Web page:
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How do you say "They seem to like ..." in French? Is "Semblent aiment ..." correct? And, am I right in thinking that this sentence should be in subjunctive mood (for its uncertainty) or should it be in indicative mood? (Now, in this particular case, the third person plural of these verbs are identical in present subjunctive and present indicative, but the questions still stands.)


Bonjour. Comment dit-on "They seem to like ..." en français?

"Semblent aiment"? Au subjonctif ou indicatif?

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"Semblent aiment" is missing some words.

"They seem to like" might be translated by:

  • "Il semble qu'ils aiment"

  • "Ils semblent aimer"

  • "On dirait qu'ils aiment"

Subjunctive is appropriate here as there is uncertainty.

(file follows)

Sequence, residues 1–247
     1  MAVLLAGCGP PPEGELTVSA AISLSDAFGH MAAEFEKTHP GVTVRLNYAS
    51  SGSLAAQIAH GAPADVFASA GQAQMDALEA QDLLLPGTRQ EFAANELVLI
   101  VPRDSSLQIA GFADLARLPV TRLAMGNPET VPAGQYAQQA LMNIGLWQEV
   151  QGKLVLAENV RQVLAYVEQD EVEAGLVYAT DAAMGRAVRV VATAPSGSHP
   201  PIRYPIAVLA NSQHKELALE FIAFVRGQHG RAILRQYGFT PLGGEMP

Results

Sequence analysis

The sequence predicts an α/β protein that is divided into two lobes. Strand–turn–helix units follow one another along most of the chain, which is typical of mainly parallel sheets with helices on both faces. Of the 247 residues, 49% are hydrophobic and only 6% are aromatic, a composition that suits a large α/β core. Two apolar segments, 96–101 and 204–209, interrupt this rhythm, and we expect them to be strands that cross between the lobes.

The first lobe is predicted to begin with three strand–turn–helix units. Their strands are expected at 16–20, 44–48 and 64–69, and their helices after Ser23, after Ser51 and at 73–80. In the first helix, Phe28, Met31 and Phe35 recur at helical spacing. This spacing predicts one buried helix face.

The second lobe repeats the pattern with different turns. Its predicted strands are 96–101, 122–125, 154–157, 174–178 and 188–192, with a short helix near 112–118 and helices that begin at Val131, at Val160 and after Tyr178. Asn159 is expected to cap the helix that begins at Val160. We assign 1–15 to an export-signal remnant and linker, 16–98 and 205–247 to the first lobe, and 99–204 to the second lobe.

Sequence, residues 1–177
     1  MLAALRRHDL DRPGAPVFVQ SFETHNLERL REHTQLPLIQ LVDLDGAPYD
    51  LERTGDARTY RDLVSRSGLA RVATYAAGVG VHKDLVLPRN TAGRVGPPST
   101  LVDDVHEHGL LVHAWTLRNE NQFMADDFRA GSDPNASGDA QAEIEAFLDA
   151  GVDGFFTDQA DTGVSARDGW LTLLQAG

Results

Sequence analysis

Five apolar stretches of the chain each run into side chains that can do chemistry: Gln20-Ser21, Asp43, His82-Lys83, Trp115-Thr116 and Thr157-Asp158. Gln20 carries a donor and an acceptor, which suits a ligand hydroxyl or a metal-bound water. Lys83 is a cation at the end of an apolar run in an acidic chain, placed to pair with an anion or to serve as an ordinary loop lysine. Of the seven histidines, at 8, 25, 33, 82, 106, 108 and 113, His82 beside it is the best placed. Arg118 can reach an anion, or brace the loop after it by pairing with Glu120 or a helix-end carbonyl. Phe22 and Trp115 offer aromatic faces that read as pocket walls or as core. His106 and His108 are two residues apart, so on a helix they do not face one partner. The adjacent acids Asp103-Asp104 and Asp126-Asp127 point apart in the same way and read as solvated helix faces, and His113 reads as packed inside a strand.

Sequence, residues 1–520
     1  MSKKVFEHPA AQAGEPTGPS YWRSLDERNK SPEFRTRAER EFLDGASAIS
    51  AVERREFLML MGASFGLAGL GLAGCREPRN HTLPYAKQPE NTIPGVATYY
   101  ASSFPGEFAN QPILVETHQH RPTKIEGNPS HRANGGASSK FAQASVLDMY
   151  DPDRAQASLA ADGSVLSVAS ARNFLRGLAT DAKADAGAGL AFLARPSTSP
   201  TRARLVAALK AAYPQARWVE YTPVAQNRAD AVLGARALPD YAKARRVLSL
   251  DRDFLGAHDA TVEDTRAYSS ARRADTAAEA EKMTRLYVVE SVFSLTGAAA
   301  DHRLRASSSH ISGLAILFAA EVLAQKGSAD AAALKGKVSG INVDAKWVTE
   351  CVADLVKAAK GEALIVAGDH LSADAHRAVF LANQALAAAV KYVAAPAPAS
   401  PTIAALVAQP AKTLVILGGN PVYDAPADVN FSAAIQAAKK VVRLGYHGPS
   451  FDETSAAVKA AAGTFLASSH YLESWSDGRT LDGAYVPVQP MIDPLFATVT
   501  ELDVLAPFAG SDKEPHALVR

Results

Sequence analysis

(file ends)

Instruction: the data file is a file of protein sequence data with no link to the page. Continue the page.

Il manque quelques mots à « Semblent aiment ».

« They seem to like » pourrait se traduire par

  • « Il semble qu'ils aiment »

  • « Ils semblent aimer »

  • « On dirait qu'ils aiment »

Le mode subjonctif est indiqué ici puisqu'il y a doute.

  • Right. I'm trying to say "The French seem to like". Should that be "Le Français (Ils) semblent aiment" or "Le Français semblent aimer", judging from your second translation suggestion? Aimer in infinitive? No congruence? – citizen Jan 26 '14 at 7:31
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    Just like in English, an infinitive is required. "Ils semblent aiment" is as incorrect a "he seems likes" would be. – jlliagre Jan 26 '14 at 9:06
  • Either "Le Français semble aimer" or "Les Français semblent aimer" would be good for what you're trying to tell. I prefer the second one though... – Laurent S. Jan 28 '14 at 13:13

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